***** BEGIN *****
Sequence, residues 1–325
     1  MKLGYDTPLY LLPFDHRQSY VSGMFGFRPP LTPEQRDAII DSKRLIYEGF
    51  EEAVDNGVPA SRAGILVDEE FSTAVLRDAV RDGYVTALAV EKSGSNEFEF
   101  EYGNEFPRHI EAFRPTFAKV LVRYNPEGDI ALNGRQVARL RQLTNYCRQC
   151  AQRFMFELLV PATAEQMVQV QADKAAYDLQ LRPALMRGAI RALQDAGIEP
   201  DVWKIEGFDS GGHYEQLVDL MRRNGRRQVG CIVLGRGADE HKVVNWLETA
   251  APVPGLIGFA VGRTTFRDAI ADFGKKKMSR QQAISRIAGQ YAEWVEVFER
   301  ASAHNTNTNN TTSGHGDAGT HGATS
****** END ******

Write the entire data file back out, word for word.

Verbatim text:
Sequence, residues 1–325
     1  MKLGYDTPLY LLPFDHRQSY VSGMFGFRPP LTPEQRDAII DSKRLIYEGF
    51  EEAVDNGVPA SRAGILVDEE FSTAVLRDAV RDGYVTALAV EKSGSNEFEF
   101  EYGNEFPRHI EAFRPTFAKV LVRYNPEGDI ALNGRQVARL RQLTNYCRQC
   151  AQRFMFELLV PATAEQMVQV QADKAAYDLQ LRPALMRGAI RALQDAGIEP
   201  DVWKIEGFDS GGHYEQLVDL MRRNGRRQVG CIVLGRGADE HKVVNWLETA
   251  APVPGLIGFA VGRTTFRDAI ADFGKKKMSR QQAISRIAGQ YAEWVEVFER
   301  ASAHNTNTNN TTSGHGDAGT HGATS